Well that made us feel a whole lot better.

As I hadn't been employed for two years, I wasn't entitled to statutory redundancy pay. What I was entitled to would be revealed tomorrow as the HR woman was not on site.

So we were sent home.

On my to the bus stop I found 50p. Walking past the Audi showroom I found a £5.

I've applied for Jobseekers Allowance.

I've collected my Council Tax Benefit application form and I've applied for 8 jobs already.

If I remain unemployed, then it won't be for the want of trying.


Tuesday, 15 September 2009

!It's the Itchy and Scratchy Show!


I've arranged a few days off for some allergy tests.

I keep coming out in strange rashes. A watch has caused some scabby looking rash as has some of my costume jewellery.

I have been off the antihistamines for two weeks and went to the Dermatology section of New Cross to have the tests done.

I went in on Friday afternoon and had five sticky patches stuck to my back.

Four were the size of A6 pages and were fitted with 10 little aluminium buttons each smeared with some sort of goo. The fifth was thumb sized and had two gooey buttons.

They started to peel the next day.

They had to stay on until late today.

I went to the local Walk-In Health Centre where I was shocked to see a huge queue of women and young girls snaking out the door, down the pavement and blocking the car park entrance.

It turned out they were waiting for the HPV vaccine. Any other patients could cheerfully jump that queue and go straight in.

Once I filled in the form, there wasn't much of a wait before I was called in to see the nurse.

She used Micropore tape to stick the edge of the sticky patches down.

Yesterday was a similar procedure.

Check in, fill in form, wait to be called and have the patches stuck down with more Micropore tape.

It's been horrible. The itching has been driving me nuts. I spent the time smacking myself with a ruler as I couldn't scratch.

Today, I had the patches removed and the results read.


Absolutely nothing.

Except an allergy to the sticky Micropore tape that was used to conduct the tests.

The patches were pulled off my back in front of a mirror. There were great, angry, red, blanks totalling an area bigger than an A4 sheet across my upper back. There were clear red lines around the patches where the Micropore tapes had been added.

That was that.

Nothing else and no further tests unless or until I react to something.


After all that.

Sod's Law rules.

The story of my life.

Monday, 7 September 2009

I must have been very very bad in a previous life.......

So I went to London to see my Dad who is still in hospital.

However, getting there and back has been pretty eventful. London Midland decided that they wanted volunteer train drivers to work Sundays without paying them the Sunday premium and expressed surprise and disappointment when nobody volunteered.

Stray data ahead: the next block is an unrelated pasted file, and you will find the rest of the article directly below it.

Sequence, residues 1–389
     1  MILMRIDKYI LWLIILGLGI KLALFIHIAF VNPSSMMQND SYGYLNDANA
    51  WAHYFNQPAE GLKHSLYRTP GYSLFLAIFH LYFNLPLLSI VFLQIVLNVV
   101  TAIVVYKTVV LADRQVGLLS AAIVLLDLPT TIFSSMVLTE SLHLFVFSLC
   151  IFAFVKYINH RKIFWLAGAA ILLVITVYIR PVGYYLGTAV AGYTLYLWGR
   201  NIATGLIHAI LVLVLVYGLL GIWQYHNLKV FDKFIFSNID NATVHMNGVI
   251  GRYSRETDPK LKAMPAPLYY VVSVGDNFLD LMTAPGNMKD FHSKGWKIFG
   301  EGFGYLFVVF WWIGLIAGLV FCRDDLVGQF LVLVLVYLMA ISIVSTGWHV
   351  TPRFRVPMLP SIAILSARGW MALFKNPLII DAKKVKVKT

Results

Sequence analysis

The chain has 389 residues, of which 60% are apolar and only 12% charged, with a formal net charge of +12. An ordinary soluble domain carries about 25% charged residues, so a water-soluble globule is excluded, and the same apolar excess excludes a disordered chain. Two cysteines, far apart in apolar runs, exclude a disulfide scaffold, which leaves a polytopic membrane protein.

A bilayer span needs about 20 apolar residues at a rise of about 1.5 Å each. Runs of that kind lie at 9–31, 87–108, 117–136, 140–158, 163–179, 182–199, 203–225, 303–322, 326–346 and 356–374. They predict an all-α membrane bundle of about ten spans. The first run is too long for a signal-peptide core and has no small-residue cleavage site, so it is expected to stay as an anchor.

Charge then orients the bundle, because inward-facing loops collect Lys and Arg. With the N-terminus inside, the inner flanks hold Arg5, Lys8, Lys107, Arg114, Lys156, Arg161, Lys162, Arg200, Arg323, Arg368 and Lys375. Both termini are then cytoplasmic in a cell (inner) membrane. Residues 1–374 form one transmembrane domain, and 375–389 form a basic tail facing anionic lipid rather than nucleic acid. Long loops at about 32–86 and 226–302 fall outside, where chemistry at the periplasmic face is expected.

Across the weekend, there should have been about 500 trains in total. They got 1.



There were, of course, engineering works on some other stretches of the railway so the roads took the strain.

And of course, there were roadworks along the way, so that helped.

We got to London in good time, regardless.

We got stuck on the Buckingham Palace Road for over half an hour before the driver found out that a bus had broken down in the middle of a roadworks strewn one way system.

Nutter-On-The-Bus (there is always one) started on at the driver to let him off.

In the middle of Buckingham Palace Road.

We were in the right turn central lane, facing a major crossroads junction, with traffic still moving past us going straight on or left.

Letting us out there would have left us wandering across two lanes of busy traffic, before we got to the safety barrier which we would then have to climb over to reach the pavement.

Great idea.

I did say he was a nutter.

After another fifteen minutes of effing, blinding, whining, shouting and unsuccessfully trying to garner the support of the other passengers, the driver relented and opened the door.

At which, Nutter forcefully waved a hand to point out a left side window

"No! I got luggage!"


He seriously wanted the driver to open the luggage compartment under us so Nutter could stand in the path of the oncoming traffic, search for his suitcases and then try to drag his belongings across two lanes of busy traffic.... you know the rest.

The driver closed the door again and Nutter started shouting and whining and generally rendered himself an even bigger pain in the arse than before.

The Police had to stop all the traffic approaching the junction, so that all the still functioning coaches stuck behind the broken down coach could be reversed out into the middle of the crossroads and sent back down the way they had come, before we were sent the wrong way round and into the Departures section of Victoria Coach Station.

All the while, I was receiving texts from my SiL who was under the impression that she was only one of a cleaning party at Dad's house.

I was stuck in traffic on the coach trip from Hell and Kid Brother hadn't arrived either.

I got requests for more kitchen spray and more antibacterial stuff.

Nearly an hour after we arrived in the general Victoria area, I was still on the bloody coach.

We finally parked up in one of several long lines of coaches who were trying to embark and disembark passengers all at the same time.

All the coaches were parked up about one suitcase width apart from one another. It was mayhem.